I was thinking per lane. So..the average car is 6 feet wide. That means 2.25 the width of a a car. So…bikes should get at least 7 feet. But let’s not forget ..they intend this bike lane for passing bikes to. So in reality, thats 14 feet of bees. Point is…a two way track should be 14 feet wide.

  • Joe R.

    My proposal (left to right):

    6.5′ sidewalk extension
    12′ bus only lane
    12′ loading zone
    12′ truck only lane
    14′ bidirectional bike lane protected by 3′ buffer with jersey barriers inside the buffer area
    6.5′ sidewalk extension

    Note what’s missing here—no travel or parking lanes for either private autos or taxis, although I would allow taxis and paratransit vehicles serving the disabled to use the truck lane for travel and the loading zone for pickups/dropoffs.

  • JPChance

    Does anyone have a comprehensive NYC transportation plan that replaces most street parking with safe & separate bikeways?

  • Alexander Vucelic

    Yeah it’s called NYC before 1952 when City Council changed the law Which excluded Overnight Car storage on public property 🙂 🙂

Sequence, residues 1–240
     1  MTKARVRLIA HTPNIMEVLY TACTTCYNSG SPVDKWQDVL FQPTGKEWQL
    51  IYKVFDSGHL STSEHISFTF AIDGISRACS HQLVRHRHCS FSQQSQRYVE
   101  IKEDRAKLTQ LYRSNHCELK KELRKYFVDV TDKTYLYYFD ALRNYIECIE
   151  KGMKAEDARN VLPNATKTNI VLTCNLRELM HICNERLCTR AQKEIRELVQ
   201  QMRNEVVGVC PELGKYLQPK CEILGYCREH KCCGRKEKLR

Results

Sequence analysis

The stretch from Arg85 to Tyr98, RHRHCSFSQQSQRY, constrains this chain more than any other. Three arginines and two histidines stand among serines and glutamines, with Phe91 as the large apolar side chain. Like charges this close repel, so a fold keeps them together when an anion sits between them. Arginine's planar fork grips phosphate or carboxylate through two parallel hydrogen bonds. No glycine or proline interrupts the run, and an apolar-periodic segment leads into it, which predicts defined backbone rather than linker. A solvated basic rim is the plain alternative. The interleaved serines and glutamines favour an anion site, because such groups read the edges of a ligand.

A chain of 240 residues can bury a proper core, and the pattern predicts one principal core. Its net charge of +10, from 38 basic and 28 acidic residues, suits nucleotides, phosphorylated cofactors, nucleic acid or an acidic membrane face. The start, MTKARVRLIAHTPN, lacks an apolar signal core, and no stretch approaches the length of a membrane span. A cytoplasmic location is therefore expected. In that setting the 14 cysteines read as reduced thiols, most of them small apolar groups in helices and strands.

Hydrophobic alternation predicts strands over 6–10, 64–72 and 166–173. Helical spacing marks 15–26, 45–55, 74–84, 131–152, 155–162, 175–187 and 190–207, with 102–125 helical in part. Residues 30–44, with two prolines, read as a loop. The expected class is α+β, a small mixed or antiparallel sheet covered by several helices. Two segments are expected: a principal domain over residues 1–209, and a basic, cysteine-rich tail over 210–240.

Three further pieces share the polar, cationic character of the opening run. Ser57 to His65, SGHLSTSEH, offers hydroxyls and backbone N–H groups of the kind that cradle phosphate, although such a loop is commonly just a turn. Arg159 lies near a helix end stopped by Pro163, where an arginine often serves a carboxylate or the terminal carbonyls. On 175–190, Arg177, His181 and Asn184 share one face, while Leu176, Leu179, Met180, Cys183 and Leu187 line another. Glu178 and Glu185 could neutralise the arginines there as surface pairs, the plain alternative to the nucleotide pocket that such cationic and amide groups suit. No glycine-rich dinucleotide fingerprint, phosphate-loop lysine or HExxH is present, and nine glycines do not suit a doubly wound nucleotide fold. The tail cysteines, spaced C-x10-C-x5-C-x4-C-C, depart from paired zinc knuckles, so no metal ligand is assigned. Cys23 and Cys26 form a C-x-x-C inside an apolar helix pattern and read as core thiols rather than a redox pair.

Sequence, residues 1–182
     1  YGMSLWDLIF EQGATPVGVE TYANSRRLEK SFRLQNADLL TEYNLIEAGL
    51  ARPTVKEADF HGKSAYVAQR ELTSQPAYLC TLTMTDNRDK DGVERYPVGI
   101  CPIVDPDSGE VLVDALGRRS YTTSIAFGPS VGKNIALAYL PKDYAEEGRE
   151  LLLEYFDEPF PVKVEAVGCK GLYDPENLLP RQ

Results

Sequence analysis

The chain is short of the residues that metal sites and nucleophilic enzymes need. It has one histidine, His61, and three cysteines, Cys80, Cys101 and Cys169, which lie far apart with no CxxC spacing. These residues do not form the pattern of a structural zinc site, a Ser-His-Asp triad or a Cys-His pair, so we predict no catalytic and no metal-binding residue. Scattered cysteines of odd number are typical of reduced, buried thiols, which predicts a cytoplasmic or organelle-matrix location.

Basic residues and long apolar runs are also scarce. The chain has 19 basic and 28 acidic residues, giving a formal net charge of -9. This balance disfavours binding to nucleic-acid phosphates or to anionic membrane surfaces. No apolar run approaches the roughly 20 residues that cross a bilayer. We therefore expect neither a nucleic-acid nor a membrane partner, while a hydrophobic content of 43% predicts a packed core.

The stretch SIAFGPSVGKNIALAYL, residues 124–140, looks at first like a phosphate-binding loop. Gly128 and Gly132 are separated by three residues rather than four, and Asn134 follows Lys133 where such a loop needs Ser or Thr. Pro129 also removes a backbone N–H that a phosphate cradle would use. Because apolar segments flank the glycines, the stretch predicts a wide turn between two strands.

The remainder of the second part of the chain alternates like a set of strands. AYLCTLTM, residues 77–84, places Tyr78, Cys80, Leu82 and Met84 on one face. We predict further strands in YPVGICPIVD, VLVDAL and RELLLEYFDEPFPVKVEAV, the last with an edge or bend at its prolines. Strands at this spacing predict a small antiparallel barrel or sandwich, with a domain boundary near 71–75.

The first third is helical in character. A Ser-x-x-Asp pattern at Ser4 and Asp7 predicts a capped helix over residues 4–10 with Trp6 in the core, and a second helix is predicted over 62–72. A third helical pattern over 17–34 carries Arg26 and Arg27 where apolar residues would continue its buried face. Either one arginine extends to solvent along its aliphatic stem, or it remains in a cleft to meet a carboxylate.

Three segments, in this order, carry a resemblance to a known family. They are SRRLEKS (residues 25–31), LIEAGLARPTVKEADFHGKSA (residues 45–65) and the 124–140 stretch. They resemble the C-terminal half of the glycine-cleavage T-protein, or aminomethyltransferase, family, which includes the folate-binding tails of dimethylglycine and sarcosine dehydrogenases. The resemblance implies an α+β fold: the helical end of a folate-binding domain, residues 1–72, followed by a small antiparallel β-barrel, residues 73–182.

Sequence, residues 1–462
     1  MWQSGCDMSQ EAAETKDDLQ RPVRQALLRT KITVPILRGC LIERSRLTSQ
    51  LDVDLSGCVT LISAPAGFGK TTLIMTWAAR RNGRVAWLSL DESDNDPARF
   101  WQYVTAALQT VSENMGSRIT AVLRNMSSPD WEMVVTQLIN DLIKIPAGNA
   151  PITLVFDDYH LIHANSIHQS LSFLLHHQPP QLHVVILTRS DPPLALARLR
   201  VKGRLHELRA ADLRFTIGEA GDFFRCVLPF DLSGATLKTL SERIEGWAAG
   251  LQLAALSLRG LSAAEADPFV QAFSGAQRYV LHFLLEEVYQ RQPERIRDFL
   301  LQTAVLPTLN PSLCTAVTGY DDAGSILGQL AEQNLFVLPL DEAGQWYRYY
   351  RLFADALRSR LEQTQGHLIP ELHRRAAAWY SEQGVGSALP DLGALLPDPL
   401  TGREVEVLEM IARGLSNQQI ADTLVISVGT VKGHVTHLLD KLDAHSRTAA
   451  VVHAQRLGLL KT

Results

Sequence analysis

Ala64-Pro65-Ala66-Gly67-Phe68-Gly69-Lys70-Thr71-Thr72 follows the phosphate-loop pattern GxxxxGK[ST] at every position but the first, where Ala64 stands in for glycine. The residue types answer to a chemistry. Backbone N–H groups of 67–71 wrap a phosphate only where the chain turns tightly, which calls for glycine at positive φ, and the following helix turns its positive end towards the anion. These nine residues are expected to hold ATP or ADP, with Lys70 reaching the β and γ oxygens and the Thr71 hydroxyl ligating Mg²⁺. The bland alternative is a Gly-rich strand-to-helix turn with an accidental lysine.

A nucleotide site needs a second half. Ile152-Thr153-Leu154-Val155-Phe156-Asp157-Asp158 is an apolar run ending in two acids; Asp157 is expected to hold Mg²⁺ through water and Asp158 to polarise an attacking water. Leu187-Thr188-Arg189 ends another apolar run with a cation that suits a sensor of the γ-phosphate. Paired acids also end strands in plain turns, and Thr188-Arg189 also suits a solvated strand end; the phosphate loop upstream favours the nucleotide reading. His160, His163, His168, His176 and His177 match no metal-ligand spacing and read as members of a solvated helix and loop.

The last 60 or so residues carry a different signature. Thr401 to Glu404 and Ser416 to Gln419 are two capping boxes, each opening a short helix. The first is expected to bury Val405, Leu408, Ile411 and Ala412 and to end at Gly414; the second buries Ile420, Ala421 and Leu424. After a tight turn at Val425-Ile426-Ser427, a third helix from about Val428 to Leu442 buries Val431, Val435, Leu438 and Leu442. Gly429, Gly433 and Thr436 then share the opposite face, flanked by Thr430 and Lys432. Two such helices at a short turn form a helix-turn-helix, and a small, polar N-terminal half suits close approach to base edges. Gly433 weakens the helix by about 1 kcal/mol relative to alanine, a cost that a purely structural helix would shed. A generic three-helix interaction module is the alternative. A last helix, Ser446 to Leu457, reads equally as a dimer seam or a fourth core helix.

• Alexander Vucelic

    Joe,

    great proposal, but I’m going to suggest a transition Phase One:

    14” bus Lane by Day, FREE loading zone by night

    30′ (3) Motor lanes

    9′ paid loading Zone ($10 for 10 mins, $30 for 20 mins, $90 for 30 mins, $270 for 40 mins )

    5′ Door Buffer

    8′ Protected Bike Lane

    Phase 2 would be ypur version

  • JPChance

    If overnight street parking was illegal before 1952, shouldn’t the law be changed so that protected bikeways are prioritized over street parking on all city streets?

    How many lives would be saved every year?

    How many more people would choose cycling over other modes of transit?

    How much traffic congestion would be prevented?

    How much money and other resources would be saved?

ALSO ON STREETSBLOG

DOT Extends Sixth Avenue Protected Bike Lane Plan to 8th Street

|
DOT is extending its plan for a protected bike lane on Sixth Avenue six blocks and will include some concrete pedestrian islands in the project. Previously, the plan called for a protected bike lane between 14th Street and 33rd Street with painted pedestrian islands at intersections. The revised plan extends south to 8th Street and will […]

DOT Floats Greenwich Avenue Protected Bike Lane to Manhattan CB 2

|
DOT may create a safer cycling connection between Sixth Avenue and Eighth Avenue with a two-way parking protected bike lane on most of Greenwich Avenue — if Manhattan Community Board 2 votes for it. Greenwich is a short street but an important east-west connection in an area where the Manhattan grid breaks down. Even though there is […]